I found this example on MSDN that shows some ways to configure a textblock:

A lot of it seems to work for me, but this part fails:

textBlock.Background = Brushes.AntiqueWhite;

The "Background" part is underscored in red and Visual Studio says: "Windows.UI.Xaml.Controls.TextBlock does not contain a definition for Background".

I am perplexed.

Is this a recent change? Or did this get removed later?


5 Answers 5


If I remember right WinRT is based a lot on Silverlight, in whereas TextBlock derives from FrameworkElement and unlike in WPF, it doesn't have a Background property of its own.

A workaround would be to just provide the same effect with an additional element to act as a container and provide your background using Border or Grid with Background etc. Something like;

<Border Background="AntiqueWhite">

Or perhaps a Rectangle behind the TextBlock to provide the same thing if it's contained in say maybe a Grid Cell or the likes unless you wanted to set sizes on the Rectangle directly;

<Rectangle Fill="AntiqueWhite"/>

Unfortunately I think this is your only current alternative. Hope this helps.

  • Whats if i want to set 'background color' for 5 TextBlock among 9 TextBlock??
    – Moumit
    Nov 25, 2013 at 9:33
  • @MoumitMondal Then I would suggest maybe making a ContentControl using the same ideas as above so you can apply it multiple places more easily :)
    – Chris W.
    Nov 25, 2013 at 14:19
  • Thanks @Chris W ... I just began to learn XAML 2 days ago ... So ContentControl also is not clear to me ... but i will get it soon ...:D
    – Moumit
    Nov 26, 2013 at 5:33
  • 1
    @vapcguy ya that's a pretty common scenario as folks are transitioning from WPF to UWP and are still learning the differences themselves since their familiarity is WPF. So they make a quick google, forget to check the framework, and post whatever is relevant to their question they can find. Like I said, no worries man. Cheers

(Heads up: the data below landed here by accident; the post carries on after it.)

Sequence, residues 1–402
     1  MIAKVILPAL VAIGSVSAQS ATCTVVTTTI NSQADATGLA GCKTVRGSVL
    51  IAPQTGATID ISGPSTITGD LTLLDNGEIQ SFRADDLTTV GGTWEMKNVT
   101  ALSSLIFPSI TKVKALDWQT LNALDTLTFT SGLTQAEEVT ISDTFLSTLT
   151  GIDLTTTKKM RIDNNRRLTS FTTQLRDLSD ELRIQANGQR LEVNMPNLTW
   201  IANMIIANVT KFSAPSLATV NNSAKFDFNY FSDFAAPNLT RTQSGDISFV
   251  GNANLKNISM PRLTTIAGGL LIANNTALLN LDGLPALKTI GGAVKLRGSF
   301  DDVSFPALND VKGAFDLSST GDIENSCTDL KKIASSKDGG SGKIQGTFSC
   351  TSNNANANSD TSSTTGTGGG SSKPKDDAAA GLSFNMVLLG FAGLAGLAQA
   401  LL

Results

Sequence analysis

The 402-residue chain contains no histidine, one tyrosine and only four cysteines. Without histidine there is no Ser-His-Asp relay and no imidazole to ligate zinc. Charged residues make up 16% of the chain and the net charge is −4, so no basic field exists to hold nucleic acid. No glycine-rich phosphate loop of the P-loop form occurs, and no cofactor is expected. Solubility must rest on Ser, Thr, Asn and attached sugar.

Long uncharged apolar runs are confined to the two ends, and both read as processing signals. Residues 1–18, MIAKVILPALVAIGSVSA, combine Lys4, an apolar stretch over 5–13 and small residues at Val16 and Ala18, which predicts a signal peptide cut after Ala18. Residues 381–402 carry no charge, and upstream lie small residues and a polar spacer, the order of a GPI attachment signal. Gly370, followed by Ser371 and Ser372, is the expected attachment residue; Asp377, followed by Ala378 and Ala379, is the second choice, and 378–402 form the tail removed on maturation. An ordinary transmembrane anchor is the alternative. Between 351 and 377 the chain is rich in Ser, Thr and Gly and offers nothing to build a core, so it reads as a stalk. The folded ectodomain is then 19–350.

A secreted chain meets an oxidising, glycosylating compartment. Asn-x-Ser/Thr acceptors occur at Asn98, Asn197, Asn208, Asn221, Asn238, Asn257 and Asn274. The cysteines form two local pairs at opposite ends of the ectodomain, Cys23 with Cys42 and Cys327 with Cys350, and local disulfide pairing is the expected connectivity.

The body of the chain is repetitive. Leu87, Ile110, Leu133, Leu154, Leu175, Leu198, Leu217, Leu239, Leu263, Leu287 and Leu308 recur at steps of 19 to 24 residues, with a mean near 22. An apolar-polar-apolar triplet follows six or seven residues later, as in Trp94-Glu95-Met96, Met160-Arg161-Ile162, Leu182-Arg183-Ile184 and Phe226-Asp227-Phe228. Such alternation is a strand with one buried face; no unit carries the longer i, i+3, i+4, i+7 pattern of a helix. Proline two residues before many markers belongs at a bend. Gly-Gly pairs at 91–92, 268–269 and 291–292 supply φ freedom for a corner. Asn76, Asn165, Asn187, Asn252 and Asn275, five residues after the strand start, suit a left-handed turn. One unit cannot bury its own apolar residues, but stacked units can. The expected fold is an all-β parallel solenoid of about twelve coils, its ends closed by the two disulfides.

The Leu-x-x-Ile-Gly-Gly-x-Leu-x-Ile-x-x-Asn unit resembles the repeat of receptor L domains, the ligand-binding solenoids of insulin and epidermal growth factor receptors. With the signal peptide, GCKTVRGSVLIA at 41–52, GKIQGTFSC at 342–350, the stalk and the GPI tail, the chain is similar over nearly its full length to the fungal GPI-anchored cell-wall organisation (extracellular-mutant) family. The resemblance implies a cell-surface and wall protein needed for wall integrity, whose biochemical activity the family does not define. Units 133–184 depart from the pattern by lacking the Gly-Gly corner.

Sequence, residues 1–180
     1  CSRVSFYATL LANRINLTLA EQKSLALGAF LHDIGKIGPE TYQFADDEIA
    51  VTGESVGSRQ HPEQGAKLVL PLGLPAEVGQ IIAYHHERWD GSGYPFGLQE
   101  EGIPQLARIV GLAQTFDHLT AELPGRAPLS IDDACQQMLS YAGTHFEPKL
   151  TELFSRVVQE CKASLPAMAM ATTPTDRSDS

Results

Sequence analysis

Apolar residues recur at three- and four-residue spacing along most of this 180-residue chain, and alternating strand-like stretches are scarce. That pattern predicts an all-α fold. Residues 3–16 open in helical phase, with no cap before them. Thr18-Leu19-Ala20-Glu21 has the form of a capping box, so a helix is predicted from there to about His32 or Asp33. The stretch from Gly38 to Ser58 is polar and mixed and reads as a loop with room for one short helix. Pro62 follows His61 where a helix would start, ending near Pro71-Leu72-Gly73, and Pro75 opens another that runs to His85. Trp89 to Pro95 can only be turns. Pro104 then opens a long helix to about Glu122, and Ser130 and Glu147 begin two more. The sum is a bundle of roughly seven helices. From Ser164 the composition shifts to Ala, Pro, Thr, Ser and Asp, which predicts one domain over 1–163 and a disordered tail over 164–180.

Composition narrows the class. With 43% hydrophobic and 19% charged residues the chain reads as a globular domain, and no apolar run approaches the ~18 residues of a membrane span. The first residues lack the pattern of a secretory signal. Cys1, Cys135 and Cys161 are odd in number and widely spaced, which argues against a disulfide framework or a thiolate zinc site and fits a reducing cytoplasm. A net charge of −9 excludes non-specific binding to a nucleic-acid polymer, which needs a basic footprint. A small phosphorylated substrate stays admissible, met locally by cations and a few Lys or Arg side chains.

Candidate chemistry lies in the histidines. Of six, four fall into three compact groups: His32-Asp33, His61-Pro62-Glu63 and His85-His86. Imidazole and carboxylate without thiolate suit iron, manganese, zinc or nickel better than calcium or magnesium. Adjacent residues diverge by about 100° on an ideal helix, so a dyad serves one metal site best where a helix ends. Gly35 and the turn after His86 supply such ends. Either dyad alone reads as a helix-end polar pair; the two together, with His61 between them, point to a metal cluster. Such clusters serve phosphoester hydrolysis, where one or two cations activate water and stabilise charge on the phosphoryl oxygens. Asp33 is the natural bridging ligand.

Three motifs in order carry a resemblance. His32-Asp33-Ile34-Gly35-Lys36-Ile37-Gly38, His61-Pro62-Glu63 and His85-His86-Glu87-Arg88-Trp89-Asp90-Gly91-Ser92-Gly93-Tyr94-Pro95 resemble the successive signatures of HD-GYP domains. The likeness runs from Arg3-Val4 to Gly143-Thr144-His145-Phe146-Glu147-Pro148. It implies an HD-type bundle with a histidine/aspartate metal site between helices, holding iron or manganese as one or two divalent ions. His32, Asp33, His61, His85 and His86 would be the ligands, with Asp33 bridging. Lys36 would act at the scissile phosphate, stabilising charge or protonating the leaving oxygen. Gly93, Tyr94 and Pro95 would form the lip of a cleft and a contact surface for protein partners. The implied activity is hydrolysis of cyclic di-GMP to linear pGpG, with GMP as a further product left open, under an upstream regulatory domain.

– Chris W.
    Oct 27, 2016 at 14:57
  • 1
    @vapcguy Nah the XAML is usually really the same except for some minor nuances here and there in syntax and things available in the usage like attached properties etc (except for when you get into like xamarin xaml where things like StackPanel becomes StackLayout, etc) however the frameworks using them are many...but they all derive from XML, just like so does HTML, SVG, etc etc etc.. It's all good.
    – Chris W.
    Oct 27, 2016 at 16:14

This sets the background to antique white. Furthermore the Height and width of the grid is bound to that of the TextBlock, so you don't have to manually set the size of the grid.

        <Grid Background="AntiqueWhite" Height="{Binding ActualHeight , ElementName=textBlock1}" Width="{Binding ActualHeight , ElementName=textBlock1}">
         <TextBlock x:Name="textBlock1" Text="Text" />
  • This doesn't work. As soon the text box is selected, it's background changes to white. Jul 10, 2018 at 10:32

To set the Background Colour for the TextBlock

TextblockName.Background = (SolidColorBrush)(new BrushConverter().ConvertFrom("#FF202B49"));

In UWP, a lot of the controls have been simplified (probably to reduce their memory footprint) and do not have certain properties typical of their WPF brethren.

Instead of setting properties like .Background on the UWP element in question (as some answers already mention) it can be placed nested within a <Grid></Grid> element, but that is not recommended unless you want the properties you are assigning to the Grid to be shared among multiple child elements. If you want to apply a background (or other property not found in a UWP control) to a TextBlock or similar, what you should be doing is wrapping it in a <Border></Border> element, which is the recommended approach when you're only trying to customize a single element, and is a much lighter approach than wrapping it in a <Grid />, both in terms of layout computation and memory overhead.


Also you can use following code for dynamic changes. (Only for WPF)

textBlock.Background = new SolidColorBrush(Colors.AntiqueWhite);
  • Works fine for me in WPF-land. OP was asking about the XAML control TextBlock, as the MSDN link went to TextBlock.FontSize. One level up from there is TextBlock Properties: msdn.microsoft.com/en-us/library/… which clearly lists Background as a property. Those in the Silverlight/WinRT realm might not have it. I guess that's the reason for the downvotes.
    – vapcguy
    Oct 27, 2016 at 14:53
  • If it's only for WPF then it's not related to the question. Jul 10, 2018 at 10:30

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